Thus low cost air quality monitoring solutions offer the developing world a wonderful opportunity to leap-frog the stationary, expensive air quality monitoring stations of the developed world, and help inform the making of policies to reduce air pollution. In 2014, Resolution 7 was passed at the UN Environment Assembly which set UNEP a mandate to help countries tackle air quality. UNEP noted that the first step in doing so was collecting data on air quality. It thus developed a DIY air quality monitoring unit costing ~ USD 1500. The unit makes use of low cost sensors manufactured by Alphasense to measures harmful gas (NOx, SOx, VOCs, CO, O3) concentrations as well as particulate matter count.
It made the blue prints public (The circuit diagrams +code can be found here) so that governments/citizens could assemble, use the unit and even modify it, as they see fit. The unit attracted a lot of attention in the press. Several countries contacted UNEP asking for help to deploy a network of such units. If the units are networked (i.e. calibrated against each other), and are deployed in a wide array of sites, then using machine learning, it is possible to filter out ‘noise’ in the data produced by the network resulting from interfering gases, changes in temperature and humidity. This would thus increase the accuracy of the whole network. Further research needs to be carried out on how many units need to be deployed to gain an ‘acceptable’ accuracy.
We at UNEP thus wanted to deploy a pilot network of air quality monitors to better understand what the process would entail so that we could share our experience with interested citizens and governments. Thus we decided to deploy a six node air quality monitoring network in the city of Nairobi which faces many air quality problems. As we wanted the network to be ready soon, we did not use the UNEP air quality monitors for the network, as the unit is not currently being commercially produced. Instead, we used boxes we bought from the company: Atmospheric Sense. These boxes were the ones deployed by Professor Rod Jones from the University of Cambridge in a Heathrow airport air quality monitoring network study, and employ the same sensors as the UNEP unit.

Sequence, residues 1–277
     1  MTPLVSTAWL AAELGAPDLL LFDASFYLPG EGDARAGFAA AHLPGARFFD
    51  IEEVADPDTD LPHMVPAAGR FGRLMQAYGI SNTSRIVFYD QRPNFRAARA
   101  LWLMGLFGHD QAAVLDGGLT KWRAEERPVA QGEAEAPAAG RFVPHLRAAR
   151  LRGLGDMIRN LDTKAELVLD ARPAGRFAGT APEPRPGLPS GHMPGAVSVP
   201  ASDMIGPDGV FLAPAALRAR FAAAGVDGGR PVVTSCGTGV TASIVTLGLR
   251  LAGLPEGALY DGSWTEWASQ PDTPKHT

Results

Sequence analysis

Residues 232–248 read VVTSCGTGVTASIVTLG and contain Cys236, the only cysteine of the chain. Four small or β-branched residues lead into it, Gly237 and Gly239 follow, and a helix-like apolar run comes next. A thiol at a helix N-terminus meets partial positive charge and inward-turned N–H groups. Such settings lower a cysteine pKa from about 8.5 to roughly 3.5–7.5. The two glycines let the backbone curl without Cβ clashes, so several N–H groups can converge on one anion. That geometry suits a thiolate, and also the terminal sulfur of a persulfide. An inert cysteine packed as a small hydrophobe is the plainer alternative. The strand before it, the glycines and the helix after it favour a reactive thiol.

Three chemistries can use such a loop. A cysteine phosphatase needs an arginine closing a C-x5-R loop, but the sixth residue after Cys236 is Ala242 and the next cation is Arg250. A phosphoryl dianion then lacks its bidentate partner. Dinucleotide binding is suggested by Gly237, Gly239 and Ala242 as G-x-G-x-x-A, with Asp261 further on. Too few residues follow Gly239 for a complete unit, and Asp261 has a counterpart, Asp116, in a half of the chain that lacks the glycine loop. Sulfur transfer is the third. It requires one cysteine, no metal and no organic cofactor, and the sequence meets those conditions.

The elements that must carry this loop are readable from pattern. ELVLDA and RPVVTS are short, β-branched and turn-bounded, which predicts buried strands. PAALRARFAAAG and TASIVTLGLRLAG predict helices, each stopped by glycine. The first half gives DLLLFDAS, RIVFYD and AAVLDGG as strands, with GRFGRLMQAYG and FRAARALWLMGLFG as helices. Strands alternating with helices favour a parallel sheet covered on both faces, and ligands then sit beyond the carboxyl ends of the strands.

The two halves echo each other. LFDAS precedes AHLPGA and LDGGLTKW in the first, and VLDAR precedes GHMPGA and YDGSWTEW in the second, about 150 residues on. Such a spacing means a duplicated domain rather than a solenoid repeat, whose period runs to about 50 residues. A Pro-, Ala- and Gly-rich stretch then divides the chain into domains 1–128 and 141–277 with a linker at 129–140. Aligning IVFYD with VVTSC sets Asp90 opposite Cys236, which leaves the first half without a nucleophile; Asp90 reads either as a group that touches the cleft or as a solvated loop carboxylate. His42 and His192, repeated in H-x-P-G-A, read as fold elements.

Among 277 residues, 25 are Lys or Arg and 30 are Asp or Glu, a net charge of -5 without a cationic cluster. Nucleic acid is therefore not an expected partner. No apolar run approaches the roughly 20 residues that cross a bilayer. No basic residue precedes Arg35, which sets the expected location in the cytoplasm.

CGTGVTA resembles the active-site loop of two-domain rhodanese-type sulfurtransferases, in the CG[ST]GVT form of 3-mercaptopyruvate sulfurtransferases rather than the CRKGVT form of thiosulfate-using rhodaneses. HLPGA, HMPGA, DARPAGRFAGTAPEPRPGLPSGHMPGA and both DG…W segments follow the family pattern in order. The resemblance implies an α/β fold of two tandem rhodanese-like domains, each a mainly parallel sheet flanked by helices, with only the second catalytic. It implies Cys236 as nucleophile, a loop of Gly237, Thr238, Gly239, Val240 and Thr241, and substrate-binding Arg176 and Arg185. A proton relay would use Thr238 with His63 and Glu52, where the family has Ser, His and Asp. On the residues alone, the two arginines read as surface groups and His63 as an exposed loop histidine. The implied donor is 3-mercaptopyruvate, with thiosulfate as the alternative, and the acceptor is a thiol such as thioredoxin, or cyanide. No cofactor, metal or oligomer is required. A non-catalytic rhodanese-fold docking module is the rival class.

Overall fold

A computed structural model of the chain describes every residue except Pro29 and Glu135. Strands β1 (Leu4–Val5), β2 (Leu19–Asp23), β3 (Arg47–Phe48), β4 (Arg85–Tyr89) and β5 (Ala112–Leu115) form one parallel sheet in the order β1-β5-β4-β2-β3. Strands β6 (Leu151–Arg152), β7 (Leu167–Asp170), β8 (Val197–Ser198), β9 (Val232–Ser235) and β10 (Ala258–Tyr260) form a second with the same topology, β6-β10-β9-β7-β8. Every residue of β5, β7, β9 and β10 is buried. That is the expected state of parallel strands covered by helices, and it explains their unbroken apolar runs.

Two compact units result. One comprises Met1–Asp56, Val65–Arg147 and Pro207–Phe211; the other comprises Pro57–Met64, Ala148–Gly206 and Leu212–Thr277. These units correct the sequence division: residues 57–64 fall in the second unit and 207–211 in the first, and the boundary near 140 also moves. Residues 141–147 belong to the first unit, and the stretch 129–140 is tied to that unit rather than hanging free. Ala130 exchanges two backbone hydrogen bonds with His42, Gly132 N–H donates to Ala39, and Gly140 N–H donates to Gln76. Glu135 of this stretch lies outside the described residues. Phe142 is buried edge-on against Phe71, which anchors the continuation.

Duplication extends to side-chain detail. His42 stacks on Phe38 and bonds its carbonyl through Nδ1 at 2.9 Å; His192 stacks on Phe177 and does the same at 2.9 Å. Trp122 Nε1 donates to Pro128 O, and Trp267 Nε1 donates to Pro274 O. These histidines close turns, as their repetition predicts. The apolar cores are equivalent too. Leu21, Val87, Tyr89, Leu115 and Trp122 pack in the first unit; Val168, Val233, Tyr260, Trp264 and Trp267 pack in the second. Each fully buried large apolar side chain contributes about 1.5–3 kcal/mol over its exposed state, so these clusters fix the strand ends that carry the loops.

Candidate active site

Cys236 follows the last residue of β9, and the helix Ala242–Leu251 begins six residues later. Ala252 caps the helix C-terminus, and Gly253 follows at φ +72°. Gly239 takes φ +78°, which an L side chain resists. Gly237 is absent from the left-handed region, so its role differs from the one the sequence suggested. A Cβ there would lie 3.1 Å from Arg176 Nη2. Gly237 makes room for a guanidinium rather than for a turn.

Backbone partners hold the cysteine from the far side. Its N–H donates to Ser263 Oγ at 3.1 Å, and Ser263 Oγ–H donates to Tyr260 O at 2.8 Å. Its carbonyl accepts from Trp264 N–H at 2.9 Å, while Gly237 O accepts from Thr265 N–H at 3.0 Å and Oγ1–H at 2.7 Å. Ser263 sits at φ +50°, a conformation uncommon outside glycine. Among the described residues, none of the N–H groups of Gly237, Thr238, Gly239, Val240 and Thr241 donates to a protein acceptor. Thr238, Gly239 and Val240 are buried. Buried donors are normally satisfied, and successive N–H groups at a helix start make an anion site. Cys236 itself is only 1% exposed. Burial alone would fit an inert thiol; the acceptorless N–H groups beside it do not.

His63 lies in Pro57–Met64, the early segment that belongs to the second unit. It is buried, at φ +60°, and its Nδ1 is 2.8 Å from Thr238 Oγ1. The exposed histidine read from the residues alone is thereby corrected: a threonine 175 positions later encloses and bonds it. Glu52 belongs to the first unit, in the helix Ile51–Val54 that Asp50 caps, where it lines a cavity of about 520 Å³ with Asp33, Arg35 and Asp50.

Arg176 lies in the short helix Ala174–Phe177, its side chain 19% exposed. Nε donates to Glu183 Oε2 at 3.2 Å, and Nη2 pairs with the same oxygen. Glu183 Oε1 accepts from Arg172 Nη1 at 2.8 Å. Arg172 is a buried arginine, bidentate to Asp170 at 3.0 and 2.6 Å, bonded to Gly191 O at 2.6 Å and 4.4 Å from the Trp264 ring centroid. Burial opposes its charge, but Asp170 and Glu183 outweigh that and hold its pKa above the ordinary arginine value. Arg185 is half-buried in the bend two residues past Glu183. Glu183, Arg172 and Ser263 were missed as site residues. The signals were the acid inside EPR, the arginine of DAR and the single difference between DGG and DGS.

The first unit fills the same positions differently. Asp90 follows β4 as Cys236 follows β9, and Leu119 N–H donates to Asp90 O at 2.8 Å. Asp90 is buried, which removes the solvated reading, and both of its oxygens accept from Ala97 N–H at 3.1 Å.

Deploying Low Cost Air Quality Monitors in Nairobi
The first step in deploying the network was identifying suitable sites for the units. Here the the wonderful NASA GLOBE program helped. NASA has developed a list of protocols for the conducting of measurements of various parameters of the atmosphere, biosphere, hydrosphere and lithosphere. The GLOBE program trains teachers from all over the world in these protocols. These teachers then train their students to conduct measurements. NASA then uses the data from these measurements to validate and calibrate satellites.
I found that the Kenyan GLOBE program is very active. Several GLOBE schools in Kenya had weather stations which the kids work with. I therefore thought that it would be very interesting to co-locate our air quality monitors with the GLOBE weather stations in these schools. In this way, we could get wind speed and wind direction data along with air quality data, AND teach the children in these schools about air quality and about how to use the monitors.